Discussion in 'Breeding, Raising, Feeding and Caring for Animals' started by Nickolas, Jun 17, 2012.
is feeding eucalyptus branches and leaves to dairy goats ok for the goats health?
I cut & pasted this from here:
I used to feed my dairy goats black wattle leaves which they loved. (In addition to their grain & lucern hay of course.)
Poisonous and Sometimes Poisonous Plants for Goats, Symptoms of Poisoning and What to do if You Suspect Poisoning
Common poisonous plants for goats are:
Lily of the Valley
Lilac and Privet - poison the milk.
Boobyalla - poisons the milk sometimes but not at other times.
Potato haulm - a cumulative poison, it contains the toxic alkaloid solanin (nightshade).
Rhubarb leaves and Soursob - contain oxalates. Goats seem to be able to eat them occasionally with no ill effects but it depleats the calcium levels in the goat.
Cape weed - Calendula artotheca - can be lethal following drought or if pushed out by other animals so there is nothing else to eat. It contains nitrates that convert to poisonous nitrites and Cape Weed only grows where the soil is poor and low in pH.
Variegated Thistle - contains nitrites in dangerous amounts.
Sugar Gums and many Eucalyptus - contain hydrocyanic acid (prussic acid) especially in young shoots which is very poisonous to goats.
Be wary of: Sorghum, Sudan Grass, Linseed, White Clover, and Bitter Almonds as the contain prussic acid. They could be safe if not fed in excessive amounts.
St John's Wort, Heliotrope, Red Clover contain high amounts of copper and can be toxic to white goats .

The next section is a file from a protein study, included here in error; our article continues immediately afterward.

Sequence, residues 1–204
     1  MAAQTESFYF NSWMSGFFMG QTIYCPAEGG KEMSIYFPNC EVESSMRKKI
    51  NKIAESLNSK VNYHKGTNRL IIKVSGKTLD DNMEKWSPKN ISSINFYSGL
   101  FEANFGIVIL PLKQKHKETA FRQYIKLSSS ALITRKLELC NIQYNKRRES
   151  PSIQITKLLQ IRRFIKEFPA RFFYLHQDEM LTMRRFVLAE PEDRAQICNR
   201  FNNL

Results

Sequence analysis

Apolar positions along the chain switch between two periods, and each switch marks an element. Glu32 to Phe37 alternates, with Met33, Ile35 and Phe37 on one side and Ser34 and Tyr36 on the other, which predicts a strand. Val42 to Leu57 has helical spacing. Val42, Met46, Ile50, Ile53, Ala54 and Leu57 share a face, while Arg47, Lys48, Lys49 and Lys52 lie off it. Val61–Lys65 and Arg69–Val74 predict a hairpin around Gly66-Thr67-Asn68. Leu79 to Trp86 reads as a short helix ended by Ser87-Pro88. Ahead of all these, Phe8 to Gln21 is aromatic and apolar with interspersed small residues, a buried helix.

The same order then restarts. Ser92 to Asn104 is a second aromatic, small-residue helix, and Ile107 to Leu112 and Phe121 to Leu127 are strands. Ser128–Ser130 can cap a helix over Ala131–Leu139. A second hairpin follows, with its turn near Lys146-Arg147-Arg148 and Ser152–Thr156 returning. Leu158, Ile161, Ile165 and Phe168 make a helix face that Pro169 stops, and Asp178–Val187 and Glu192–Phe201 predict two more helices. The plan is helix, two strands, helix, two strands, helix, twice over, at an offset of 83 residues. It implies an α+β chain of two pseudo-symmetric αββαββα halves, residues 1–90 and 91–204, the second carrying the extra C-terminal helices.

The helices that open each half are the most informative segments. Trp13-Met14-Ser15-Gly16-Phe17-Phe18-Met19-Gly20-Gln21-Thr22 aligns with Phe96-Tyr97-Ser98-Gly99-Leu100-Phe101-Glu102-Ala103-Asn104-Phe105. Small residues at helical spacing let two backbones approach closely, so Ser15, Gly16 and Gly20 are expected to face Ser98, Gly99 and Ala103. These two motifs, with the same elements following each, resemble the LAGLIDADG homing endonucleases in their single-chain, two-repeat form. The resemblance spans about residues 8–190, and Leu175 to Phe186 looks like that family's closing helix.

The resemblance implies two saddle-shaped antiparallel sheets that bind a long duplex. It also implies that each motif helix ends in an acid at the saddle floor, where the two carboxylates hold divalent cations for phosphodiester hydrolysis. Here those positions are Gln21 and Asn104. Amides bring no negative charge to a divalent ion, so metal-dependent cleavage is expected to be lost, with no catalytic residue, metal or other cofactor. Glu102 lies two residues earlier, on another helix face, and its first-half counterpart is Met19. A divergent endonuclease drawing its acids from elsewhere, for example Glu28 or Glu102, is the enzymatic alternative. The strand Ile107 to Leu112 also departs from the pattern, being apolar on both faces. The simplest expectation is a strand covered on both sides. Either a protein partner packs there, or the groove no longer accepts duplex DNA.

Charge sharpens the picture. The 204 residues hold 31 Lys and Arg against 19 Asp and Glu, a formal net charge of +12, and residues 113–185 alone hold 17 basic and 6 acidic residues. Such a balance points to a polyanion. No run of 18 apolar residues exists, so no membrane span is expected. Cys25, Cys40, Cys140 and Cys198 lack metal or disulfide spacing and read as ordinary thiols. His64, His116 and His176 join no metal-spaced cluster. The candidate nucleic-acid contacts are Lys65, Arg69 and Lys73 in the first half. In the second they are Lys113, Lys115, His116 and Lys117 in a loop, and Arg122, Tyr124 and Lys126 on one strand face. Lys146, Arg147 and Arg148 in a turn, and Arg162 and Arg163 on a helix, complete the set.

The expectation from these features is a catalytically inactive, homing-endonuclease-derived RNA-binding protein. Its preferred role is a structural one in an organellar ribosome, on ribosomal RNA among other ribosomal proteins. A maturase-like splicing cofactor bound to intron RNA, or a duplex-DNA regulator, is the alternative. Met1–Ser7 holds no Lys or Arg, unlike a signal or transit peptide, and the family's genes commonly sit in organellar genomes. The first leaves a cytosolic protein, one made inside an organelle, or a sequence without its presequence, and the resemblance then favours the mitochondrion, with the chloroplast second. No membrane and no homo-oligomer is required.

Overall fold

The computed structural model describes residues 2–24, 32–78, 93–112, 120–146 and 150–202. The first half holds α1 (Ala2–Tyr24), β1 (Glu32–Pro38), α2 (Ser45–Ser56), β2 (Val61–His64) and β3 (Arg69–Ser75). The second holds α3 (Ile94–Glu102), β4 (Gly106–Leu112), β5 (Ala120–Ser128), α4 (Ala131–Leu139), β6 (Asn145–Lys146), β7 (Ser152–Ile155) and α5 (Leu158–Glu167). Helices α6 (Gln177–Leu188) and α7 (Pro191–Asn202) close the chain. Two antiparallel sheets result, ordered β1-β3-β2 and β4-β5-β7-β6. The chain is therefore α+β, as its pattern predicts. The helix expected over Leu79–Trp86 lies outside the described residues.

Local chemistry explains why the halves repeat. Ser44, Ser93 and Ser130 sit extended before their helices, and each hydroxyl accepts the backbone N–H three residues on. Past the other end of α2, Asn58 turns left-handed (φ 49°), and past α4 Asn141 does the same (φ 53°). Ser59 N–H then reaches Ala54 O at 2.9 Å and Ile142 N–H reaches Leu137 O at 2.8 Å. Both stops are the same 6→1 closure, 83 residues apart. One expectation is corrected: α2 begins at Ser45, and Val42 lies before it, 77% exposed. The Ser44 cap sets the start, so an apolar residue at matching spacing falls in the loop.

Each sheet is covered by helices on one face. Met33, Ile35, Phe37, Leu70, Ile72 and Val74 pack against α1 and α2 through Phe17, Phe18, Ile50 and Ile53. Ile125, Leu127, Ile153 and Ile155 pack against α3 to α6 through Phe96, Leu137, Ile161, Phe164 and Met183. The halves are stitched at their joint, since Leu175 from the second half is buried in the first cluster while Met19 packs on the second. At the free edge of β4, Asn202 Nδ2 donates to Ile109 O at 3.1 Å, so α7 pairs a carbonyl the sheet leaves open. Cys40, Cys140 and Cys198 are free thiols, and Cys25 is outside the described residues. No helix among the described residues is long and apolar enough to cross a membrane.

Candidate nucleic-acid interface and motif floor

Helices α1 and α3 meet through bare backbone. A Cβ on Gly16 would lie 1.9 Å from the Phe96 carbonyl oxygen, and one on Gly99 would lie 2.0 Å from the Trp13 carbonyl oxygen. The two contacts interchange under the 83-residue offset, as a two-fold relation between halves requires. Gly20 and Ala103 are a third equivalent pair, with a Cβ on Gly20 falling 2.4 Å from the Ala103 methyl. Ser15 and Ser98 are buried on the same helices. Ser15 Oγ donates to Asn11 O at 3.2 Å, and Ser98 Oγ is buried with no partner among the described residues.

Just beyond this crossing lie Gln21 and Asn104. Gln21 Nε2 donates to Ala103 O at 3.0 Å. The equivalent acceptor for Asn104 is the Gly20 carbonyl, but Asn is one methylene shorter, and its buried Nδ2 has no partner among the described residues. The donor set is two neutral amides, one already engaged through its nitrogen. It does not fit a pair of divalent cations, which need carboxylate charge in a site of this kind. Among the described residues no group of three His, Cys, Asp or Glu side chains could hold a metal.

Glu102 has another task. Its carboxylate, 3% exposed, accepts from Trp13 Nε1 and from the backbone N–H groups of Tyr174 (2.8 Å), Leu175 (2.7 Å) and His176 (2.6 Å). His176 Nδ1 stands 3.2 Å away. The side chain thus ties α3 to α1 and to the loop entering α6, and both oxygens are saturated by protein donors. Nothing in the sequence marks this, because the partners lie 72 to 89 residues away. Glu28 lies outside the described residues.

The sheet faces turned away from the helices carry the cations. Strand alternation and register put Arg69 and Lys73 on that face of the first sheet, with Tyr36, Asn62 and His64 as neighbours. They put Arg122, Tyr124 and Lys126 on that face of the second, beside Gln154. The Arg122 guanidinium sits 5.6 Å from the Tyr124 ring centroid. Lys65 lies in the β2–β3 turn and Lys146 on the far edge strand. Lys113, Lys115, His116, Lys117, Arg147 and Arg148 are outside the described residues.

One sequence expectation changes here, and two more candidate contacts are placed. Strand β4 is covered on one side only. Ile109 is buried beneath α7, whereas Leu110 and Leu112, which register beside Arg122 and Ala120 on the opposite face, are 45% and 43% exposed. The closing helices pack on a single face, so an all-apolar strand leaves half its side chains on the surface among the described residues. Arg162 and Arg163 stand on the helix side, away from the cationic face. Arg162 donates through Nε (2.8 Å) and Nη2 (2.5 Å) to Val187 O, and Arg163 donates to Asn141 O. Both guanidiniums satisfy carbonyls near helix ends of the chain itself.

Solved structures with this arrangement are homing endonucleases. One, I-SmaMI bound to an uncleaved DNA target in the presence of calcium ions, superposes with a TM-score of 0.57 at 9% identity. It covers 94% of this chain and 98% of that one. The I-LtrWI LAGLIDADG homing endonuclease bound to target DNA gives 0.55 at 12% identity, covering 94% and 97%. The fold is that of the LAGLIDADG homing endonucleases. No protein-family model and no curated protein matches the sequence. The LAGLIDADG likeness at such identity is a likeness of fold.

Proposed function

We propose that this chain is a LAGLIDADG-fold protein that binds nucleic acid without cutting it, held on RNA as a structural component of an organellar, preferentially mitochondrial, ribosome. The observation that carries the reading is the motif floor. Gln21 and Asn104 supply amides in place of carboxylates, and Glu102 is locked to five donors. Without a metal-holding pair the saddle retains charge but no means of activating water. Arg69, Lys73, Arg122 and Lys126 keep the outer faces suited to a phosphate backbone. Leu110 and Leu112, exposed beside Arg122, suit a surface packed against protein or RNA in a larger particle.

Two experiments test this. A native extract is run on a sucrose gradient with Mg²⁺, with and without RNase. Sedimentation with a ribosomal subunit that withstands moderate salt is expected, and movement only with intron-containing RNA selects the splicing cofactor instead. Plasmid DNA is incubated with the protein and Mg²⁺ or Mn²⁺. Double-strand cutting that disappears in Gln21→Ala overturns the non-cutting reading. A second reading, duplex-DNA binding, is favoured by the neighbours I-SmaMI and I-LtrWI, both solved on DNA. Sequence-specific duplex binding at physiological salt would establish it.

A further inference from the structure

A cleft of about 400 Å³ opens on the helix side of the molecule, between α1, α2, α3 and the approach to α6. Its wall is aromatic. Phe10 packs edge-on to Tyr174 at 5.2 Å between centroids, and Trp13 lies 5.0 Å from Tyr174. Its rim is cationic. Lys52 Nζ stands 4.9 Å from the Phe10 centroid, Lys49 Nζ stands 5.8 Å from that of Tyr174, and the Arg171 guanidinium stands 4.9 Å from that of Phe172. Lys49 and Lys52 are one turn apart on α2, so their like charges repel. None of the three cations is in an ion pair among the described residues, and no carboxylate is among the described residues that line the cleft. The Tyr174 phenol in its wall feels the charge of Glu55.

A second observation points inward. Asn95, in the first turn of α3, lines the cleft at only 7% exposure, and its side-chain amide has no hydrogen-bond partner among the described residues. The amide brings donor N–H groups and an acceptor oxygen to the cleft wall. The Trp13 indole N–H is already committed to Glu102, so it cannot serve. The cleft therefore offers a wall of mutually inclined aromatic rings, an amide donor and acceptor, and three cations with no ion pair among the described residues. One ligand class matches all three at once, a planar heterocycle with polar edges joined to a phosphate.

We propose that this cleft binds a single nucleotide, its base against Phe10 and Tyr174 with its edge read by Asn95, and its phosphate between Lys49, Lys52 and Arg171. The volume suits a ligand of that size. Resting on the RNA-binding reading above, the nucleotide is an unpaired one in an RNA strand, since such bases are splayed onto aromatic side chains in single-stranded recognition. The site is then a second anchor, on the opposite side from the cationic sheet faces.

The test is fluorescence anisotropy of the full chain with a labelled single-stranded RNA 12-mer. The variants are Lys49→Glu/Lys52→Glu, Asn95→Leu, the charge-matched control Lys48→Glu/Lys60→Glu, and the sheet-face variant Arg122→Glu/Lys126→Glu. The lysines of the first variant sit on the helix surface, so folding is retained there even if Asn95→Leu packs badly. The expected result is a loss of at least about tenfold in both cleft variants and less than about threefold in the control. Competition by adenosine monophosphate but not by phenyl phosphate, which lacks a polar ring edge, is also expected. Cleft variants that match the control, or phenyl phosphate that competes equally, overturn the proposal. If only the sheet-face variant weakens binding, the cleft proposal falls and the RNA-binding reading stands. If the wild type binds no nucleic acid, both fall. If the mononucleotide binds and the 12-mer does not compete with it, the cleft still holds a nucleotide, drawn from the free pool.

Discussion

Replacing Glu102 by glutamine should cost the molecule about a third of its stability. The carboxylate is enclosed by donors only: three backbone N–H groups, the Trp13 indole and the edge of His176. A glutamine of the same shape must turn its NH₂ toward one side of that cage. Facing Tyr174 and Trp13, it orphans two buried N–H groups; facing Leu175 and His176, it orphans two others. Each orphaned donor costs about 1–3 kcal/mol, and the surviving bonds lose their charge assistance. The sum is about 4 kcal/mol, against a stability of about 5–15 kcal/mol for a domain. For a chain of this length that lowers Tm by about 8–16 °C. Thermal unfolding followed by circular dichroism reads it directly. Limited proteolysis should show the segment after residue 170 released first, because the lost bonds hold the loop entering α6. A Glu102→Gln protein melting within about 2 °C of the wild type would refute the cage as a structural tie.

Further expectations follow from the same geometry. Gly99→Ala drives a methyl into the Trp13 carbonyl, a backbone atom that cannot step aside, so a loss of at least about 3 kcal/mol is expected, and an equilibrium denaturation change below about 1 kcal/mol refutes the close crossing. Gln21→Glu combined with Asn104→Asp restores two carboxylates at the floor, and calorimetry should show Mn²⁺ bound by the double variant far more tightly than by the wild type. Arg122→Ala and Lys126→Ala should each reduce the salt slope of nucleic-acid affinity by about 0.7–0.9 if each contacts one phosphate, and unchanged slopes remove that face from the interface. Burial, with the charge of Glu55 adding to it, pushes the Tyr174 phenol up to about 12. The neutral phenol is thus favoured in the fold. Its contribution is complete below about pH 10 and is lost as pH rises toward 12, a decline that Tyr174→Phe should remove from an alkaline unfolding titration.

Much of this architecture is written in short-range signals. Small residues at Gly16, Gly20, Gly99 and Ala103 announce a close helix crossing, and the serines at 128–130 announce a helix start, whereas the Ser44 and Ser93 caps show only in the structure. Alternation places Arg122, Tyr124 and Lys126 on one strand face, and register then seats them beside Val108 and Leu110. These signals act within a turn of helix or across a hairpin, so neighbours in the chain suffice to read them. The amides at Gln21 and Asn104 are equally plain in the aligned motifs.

Symptoms of poisoning
What to do if you suspect poisoning
Contact your veterinarian immediately.
Mistletoe is supposed to be good medicine
My goats love small leaf privet. I notice above that it states privet is poisonous to the milk, does that mean it will poison the kids that are suckling? Also would goat meat from goats that consume privet be poisonous to humans?
Welcome to the forum, I hope you do find out for sure, but i think would be safe to avoid feeding them this.
I havent had that much to do with goats for a very long time, but one thing I did come away with was that Goats who are allowed to do their own foraging prefer trees and bushes rather than grass- so top grazers not bottom feeders.
As a kid, I did get to see the older goats chase off the younger ones from things that they shouldnt have been trying to eat. I havent heard that anywhere else, but it has always stuck in my head even after all this time. i dont know if was just the Saanen or if all goats do it, but fascinated me- cant remember now what they didnt want the younger ones eating.
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